Illinois Recreational Dispensaries Sell Record $47.6 Million of Cannabis in June
Sales of adult-use cannabis in Illinois hit a new record high last month, as recreational marijuana dispensaries sold more than $47.6 million worth of legal products — a 7.5% uptick versus the previous month.
According to Illinois Department of Financial and Professional Regulation (IDFPR), which tracks sales at licensed adult-use shops, nearly $240 million worth of recreational cannabis has been sold in Illinois through the first half of the year.
Meanwhile, sales of medical cannabis from 55 licensed medical marijuana dispensaries in Illinois totaled $29.6 million in June, down slightly from the previous month. Concentrates and infused products made up roughly $15.9 million worth of sales, while dry flower accounted for about $13.7 million.
Medical marijuana sales in Illinois have topped $170 million on the year, according to the state, bringing total statewide cannabis sales (recreational and medical) to about $410 million through the first six months of 2020.
The record-breaking recreational sales in June comes as cannabis firms have wrestled with difficult operating conditions throughout much of the year. When adult-use dispensaries first opened in January, they struggled to maintain adequate inventory levels as initial demand outstripped supply.
“Growth is being driven the amount [of cannabis] licensed growers can produce,” said Andy Seeger, an economist who studies the cannabis industry and runs the "Canna-conomist" blog. “Growth in Illinois will continue to be dependent on the capital outlays expended and realized by the select few legally registered growers.”
Inventory shortfalls have persisted throughout the first six months of 2020, even as many Illinois stores have introduced coronavirus-induced social distancing protocols such as limiting walk-in business, offering curbside pickup for medical patients, or requiring customers to place orders online before arriving to purchase items during a designated pickup window.
According to Jason Erkes, the chief communications officer at Cresco Labs — which owns and operates seven Sunnyside dispensaries in Illinois — several large-scale Illinois cultivation facilities have recently been expanded to supply the marketplace with greater quantities of cannabis.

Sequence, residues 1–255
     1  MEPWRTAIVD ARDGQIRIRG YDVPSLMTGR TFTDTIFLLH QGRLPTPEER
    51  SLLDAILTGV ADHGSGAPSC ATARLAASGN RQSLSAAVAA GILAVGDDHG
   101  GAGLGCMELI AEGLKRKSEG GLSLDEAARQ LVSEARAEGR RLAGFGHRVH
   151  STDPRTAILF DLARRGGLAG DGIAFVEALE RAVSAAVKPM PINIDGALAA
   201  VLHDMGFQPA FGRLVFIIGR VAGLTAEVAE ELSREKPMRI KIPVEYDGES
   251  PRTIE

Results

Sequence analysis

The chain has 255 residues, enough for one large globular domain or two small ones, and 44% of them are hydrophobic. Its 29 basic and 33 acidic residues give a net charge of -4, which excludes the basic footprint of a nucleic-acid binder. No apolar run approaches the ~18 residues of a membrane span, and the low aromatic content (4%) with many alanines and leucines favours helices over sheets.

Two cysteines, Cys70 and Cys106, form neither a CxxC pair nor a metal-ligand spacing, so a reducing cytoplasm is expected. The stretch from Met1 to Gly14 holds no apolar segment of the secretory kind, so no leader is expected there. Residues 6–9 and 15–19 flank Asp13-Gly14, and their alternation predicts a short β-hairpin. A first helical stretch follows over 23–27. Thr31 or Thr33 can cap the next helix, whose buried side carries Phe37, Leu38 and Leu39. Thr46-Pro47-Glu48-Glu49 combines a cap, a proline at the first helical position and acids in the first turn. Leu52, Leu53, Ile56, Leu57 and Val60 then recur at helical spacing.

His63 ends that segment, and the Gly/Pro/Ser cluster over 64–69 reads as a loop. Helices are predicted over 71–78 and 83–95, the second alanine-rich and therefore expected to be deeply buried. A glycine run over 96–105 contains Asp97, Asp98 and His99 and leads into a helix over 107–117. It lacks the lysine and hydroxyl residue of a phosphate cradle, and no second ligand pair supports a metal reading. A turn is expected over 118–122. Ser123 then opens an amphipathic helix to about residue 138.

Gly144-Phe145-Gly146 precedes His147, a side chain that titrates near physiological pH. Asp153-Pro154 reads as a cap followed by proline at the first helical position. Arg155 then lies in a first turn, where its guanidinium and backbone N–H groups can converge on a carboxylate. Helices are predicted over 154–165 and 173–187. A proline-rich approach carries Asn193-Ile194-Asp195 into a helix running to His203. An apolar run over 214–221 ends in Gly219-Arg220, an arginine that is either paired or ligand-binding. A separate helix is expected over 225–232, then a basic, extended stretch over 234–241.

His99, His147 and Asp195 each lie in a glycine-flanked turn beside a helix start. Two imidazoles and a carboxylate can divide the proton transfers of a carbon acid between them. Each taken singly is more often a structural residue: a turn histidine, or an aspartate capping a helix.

“New consumer-focused retail stores, like Sunnyside, have also opened which is helping provide greater access while eliminating the stigma some consumers associated with buying cannabis,” he added.
Nevertheless, Illinois governor J.B. Pritzker, citing the coronavirus pandemic, recently signed an executive order delaying the issuance of more than 80 cannabis business permits that were slated to be awarded on July 1, 2020.
According to the Chicago Tribune, 40 craft growers, 40 infusers and several transporters were expecting to be issued licenses. The delay sets business owners and the entire industry back at a time when both cannabis products and the tax revenues they generate are in high demand.
The state previously delayed awarding 75 dispensary licenses that were set to be issued on May 1, 2020, further slowing the expansion of the burgeoning Illinois cannabis market.
Exacerbating supply issues is increasing demand from out-of-state consumers who live in markets where the sale of adult-use cannabis is not legal, Seeger added.
Of the record $47.6 million in cannabis sold in June (994,545 items), about $35.2 million was sold to in-state residents. The remaining $12.4 million was sold to out-of-state customers who crossed borders and spent $2.1 million more on cannabis products last month versus May.
“Consumer demand is being driven by an ever-increasing acceptance of cannabis across the socio-demographic map,” Seeger said, noting that younger female consumers as well as older baby boomers are driving many of the current growth trends.
According to Seeger, cannabis brands are also getting better at identifying consumer need states and innovating with products tailored to personal experiences, which is driving increased purchases among existing users, canna-curious customers, and individuals “returning to THC after years spent addressing their need states elsewhere,” he said.
Erkes agreed, saying that sales will continue increasing as “more people feel comfortable buying cannabis, as more stores open, and as more product comes to market.”
“There have been a lot of new consumers entering the cannabis marketplace and existing consumers are spending more as new product comes to market,” he added.
According to cannabis market research firm BDSA, sales of marijuana in Illinois are expected to reach $1.5 billion by 2025.